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We are slowly winning our war with our backyard ivy!

Just a few weeks ago, I posted a few pictures of what our ivy looked like before we attacked the vines with some heavy-duty clippers:

After my boyfriend cut about three feet of space from each of the ivy-laden trees, we noticed that the leaves were starting to turn brown almost immediately. But, without a two-pronged approach of cutting back plus chemical treatment, we were told that getting rid of the ivy for good could take two years. So, there was a new game plan!

Cutting down the vines from the trees would kill the ivy creeping up the trunks, but it wasn’t going to stop the ivy on the ground. So, we treated the surrounding area with an herbicide specifically made for ivy (by the way, I really love the word herbicide; I’m effectively murdering my plants, which is kind of funny to me).

My research (i.e. Google) indicated that two major ingredients in herbicides help kill the ivy off: Triclopyr (for the tree ivy) and Glyphosate (most effective on ground cover). I found both ingredients in Round Up Poison Ivy Plus Tough Brush Killer at my local Lowe’s (Home Depot should have it too).

The results thus far after one treatment look like this:



Update 8/30: Even more progress!

brown ivy

I believe a combination of four factors has helped speed things along:

  • We cut 2 – 3 feet of vine away from each trunk where the ivy first began creeping up the tree
  • After cutting the vines and exposing the more vulnerable innards of the plant (the outside is waxy, which can make it difficult to absorb anything), we treated them with an herbicide specifically designed to kill ivy.
  • I have a natural black thumb; plants just prefer to die in my presence (which I used to my advantage by regularly hanging out in the back yard around the trees).
  • The Georgia heat has killed even the hardiest plants that still have their roots attached and are watered regularly, so we have been able to use the weather to our advantage for a lethal combo.

As a word of caution: this weed killer seems to be a very effective general plant killer. If you have surrounding plants that you don’t want to die, I suggest replanting them elsewhere or thoroughly hosing off the plants you want to protect. This isn’t much of a concern for me (the ivy is pretty much choking off everything in its path, so it’s a loss I’m already expecting), but you will see your plants quickly die if this stuff comes anywhere near it.

The instructions for application suggest that it’s best to apply during the growing season (summer months) every two to three weeks. Also, it is normal to see fresh little green buds popping up after treatment (new growth to counter the older greenery dying). Because these leaves are not yet coated in a waxy film like the older leaves, a quick squirt of the Round Up will have them shriveling away in no time.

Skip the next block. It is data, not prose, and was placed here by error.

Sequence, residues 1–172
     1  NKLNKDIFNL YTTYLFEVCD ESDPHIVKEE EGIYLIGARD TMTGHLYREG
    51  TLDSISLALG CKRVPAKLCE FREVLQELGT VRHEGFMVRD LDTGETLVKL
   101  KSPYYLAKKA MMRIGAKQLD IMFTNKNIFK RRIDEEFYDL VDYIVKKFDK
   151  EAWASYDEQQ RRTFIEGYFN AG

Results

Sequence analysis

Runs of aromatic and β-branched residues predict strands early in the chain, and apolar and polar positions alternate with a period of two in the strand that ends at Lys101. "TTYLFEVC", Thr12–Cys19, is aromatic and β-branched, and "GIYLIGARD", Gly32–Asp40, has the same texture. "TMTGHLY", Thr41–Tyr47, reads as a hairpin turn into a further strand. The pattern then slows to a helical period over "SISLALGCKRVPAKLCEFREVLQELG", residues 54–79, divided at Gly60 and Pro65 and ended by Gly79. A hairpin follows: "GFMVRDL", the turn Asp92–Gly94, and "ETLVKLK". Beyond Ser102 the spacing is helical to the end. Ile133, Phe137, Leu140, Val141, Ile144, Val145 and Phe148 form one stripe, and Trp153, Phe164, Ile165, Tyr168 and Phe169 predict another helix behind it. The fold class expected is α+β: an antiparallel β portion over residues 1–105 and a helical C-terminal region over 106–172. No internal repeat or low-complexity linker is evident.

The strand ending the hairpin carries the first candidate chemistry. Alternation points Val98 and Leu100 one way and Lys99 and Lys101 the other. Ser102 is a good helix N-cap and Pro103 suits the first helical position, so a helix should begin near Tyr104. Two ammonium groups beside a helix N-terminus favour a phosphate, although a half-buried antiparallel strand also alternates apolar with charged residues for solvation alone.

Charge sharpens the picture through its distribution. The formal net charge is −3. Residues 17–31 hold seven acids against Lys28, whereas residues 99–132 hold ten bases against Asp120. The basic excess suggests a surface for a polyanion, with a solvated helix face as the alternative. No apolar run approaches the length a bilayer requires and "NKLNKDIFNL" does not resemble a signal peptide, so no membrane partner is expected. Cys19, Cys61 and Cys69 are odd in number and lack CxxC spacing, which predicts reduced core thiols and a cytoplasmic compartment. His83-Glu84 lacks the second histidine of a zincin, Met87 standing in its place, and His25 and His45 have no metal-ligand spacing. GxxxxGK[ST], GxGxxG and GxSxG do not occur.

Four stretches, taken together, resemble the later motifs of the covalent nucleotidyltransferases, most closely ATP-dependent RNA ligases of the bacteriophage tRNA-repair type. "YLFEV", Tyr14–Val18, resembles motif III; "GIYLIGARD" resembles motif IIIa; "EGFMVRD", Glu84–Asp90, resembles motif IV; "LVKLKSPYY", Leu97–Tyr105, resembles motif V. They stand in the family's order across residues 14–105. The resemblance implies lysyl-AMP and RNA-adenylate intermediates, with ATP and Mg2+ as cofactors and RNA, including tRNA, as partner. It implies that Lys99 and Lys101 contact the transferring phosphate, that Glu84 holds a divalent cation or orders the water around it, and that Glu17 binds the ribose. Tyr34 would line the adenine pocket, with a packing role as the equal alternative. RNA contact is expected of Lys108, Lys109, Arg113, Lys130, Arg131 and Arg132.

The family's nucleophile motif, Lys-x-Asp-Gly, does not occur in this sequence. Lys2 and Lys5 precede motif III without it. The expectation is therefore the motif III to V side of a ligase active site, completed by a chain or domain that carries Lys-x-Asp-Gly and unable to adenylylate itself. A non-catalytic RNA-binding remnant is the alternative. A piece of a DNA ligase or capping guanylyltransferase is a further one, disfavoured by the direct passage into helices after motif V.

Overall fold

I’ll keep you posted after our second treatment to show you progress (if any). I’m hopeful after seeing the first treatment’s effectiveness that we can get rid of this ivy quickly and reclaim our back yard. One season vs. two years? How cool is that?

Don’t forget to pin it!

how to kill off aggressive and invasive english ivy on trees and overgrowth for good

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  1. Oh, I feel for you! We removed ivy last summer. Well, rather, we started to do the “carpet roll” technique and it killed us! So, we hired some volunteer firemen who burned it. Then I sprayed with the brush b gone. During the whole process they found one copperhead and we found 5 black widows. I am soooo glad the ivy is gone. I can sleep better at night knowing my kids won't be playing in that poisonous critter habitat.


  2. Thanks Brittany!

    The ivy isn't poisonous in itself, but I agree that it can be a haven for spiders and snakes. We have a large dog who tromps through the back yard in the afternoon, and I would hate to put him in a place that could hurt him. We are also removing the ivy because it could kill off the tall pine trees in the back yard, which could be a hazard for the whole house!

  3. wow! I need to do this. I have tried to do it, but it didn't work.

    How in the world did Scott clear so much away from the trunk? Maybe mine has been on the tree too long. I used loppers, and even a chain saw in a couple of places where the stem was really thick.
    could you please answer me via e-mail? thanks so much!